lifestyle

MIA: If you do it right, your host won’t even notice.

Mia Freedman.

BY MIA FREEDMAN

I am a ghoster from way back. I never knew this party practice had a name but now that I know it does, I’m tempted to get myself a GHOSTER t-shirt –  if it weren’t so completely contrary to the ethos of the act.

You see, Ghosters are the ones who like to slip, unannounced and unnoticed, from a social gathering.

“I’m just going to the bathroom” is the catch-cry of Ghosters everywhere. And you know what happens next.

As Seth Stevenson from Slate puts it:

Ghosting—aka the Irish goodbye, the French exit, and any number of other vaguely ethnophobic terms—refers to leaving a social gathering without saying your farewells. One moment you’re at the bar, or the house party, or the Sunday morning wedding brunch. The next moment you’re gone. In the manner of a ghost. “Where’d he go?” your friends might wonder. But—and this is key—they probably won’t even notice that you’ve left.

Why do we do it? Oh for so many reasons. The main one is this: nobody wants to know that you are leaving their party. To do so, you must interrupt them, announce that you are leaving and confirm that yes, you ARE leaving. Yes, you’re sure because [insert lame excuse here].  Then you must withstand their inevitable exhortations to stay longer. Next, endure inevitable accusations of being a piker, a pussy, a wuss, a wimp and a nana. Finally and excruciatingly, you must remain the focus of attention as you walk out the door.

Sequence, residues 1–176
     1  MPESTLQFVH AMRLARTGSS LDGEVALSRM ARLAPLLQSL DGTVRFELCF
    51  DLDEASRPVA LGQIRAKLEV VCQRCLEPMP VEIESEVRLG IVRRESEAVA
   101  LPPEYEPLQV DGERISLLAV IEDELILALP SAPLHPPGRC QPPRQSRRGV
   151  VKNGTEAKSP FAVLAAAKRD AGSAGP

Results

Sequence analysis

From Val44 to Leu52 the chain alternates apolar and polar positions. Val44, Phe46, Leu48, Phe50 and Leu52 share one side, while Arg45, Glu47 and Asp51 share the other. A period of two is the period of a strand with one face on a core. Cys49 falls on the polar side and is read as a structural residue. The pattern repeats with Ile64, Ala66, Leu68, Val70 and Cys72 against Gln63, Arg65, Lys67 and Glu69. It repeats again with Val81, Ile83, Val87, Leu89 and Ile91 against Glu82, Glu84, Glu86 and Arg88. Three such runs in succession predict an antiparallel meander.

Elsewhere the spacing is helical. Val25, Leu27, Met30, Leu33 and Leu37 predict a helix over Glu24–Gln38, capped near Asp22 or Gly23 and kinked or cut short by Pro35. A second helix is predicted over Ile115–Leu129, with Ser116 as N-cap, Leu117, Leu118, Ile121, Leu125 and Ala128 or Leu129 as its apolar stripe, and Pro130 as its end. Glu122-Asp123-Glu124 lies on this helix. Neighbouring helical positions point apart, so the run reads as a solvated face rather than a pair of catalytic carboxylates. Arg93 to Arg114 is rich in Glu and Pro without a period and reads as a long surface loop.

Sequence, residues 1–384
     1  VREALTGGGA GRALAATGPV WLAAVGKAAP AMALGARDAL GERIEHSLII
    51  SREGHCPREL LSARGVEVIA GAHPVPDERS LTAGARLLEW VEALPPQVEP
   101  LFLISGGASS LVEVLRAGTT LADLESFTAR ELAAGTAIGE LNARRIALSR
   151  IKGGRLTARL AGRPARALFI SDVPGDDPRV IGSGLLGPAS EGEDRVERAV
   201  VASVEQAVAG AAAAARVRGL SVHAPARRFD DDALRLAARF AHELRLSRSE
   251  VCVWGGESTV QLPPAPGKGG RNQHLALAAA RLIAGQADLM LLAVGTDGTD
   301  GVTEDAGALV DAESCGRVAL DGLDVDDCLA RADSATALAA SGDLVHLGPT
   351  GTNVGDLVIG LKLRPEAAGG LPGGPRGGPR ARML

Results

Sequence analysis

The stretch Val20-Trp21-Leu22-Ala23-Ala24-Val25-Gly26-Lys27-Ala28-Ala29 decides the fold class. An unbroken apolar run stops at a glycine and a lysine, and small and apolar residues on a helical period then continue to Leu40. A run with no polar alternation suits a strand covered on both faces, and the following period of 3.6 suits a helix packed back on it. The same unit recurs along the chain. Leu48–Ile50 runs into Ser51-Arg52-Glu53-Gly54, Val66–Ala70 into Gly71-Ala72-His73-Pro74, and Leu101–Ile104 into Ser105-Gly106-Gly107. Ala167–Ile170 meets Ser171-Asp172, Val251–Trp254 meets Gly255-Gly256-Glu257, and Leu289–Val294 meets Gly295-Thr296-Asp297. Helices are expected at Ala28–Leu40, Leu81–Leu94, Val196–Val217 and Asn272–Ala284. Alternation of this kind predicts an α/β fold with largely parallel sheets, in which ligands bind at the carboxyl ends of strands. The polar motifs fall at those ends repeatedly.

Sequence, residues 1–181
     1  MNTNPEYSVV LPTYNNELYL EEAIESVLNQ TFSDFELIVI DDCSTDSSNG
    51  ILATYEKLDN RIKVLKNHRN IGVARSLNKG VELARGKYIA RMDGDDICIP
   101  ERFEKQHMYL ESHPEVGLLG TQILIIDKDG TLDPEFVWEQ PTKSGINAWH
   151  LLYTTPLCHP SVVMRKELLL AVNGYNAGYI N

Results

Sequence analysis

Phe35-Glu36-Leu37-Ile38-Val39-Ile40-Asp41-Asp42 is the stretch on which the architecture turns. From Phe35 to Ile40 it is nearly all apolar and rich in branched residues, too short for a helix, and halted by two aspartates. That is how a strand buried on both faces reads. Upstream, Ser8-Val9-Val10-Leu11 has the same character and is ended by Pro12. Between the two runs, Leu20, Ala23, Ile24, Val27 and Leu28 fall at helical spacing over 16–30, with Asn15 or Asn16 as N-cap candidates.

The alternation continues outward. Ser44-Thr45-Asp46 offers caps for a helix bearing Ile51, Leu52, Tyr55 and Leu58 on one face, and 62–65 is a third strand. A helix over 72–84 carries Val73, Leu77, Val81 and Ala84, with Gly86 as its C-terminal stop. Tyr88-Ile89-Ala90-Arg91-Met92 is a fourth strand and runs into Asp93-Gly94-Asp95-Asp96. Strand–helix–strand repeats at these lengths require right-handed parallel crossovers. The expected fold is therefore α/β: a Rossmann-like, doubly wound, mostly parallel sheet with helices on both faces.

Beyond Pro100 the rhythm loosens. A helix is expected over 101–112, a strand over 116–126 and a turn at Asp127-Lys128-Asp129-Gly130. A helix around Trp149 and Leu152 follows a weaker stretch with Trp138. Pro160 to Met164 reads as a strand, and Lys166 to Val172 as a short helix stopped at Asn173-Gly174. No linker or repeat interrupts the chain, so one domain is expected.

It’s awkward. It’s uncomfortable. And it pleases nobody.

In fact, us Ghosters consider the whole public goodbye thing borderline rude. Why interrupt other people when they’re absorbed in conversations and having fun? It’s a downer to pull focus when you’re pulling the pin. Better to just silently slip away like smoke. Or a ghost.

There are some rules, as Stevenson points out:

Granted, it might be aggressive to ghost a gathering of fewer than 10. And ghosting a group of two or three is not so much ghosting as ditching. But if the party includes more than 15 or 20 attendees, there’s a decent chance none will notice that you’re gone, at least not right away. (It may be too late for them to cancel that pickleback shot they ordered for you, but, hey, that’s on them.) If there’s a guest of honor, as at a birthday party, I promise you that person is long ago air-kissed out. Just ghost.

With Christmas party season looming like a dark thundercloud (where did you get the idea I was anti-social, huh? HUH?), you will probably be going out more than usual so instead of the intrusive and buzz-killing public farewell, ghost it.

If you do it right, your host won’t even notice. Probably.

Have you ever ghosted? What’s your go-to move for leaving a party?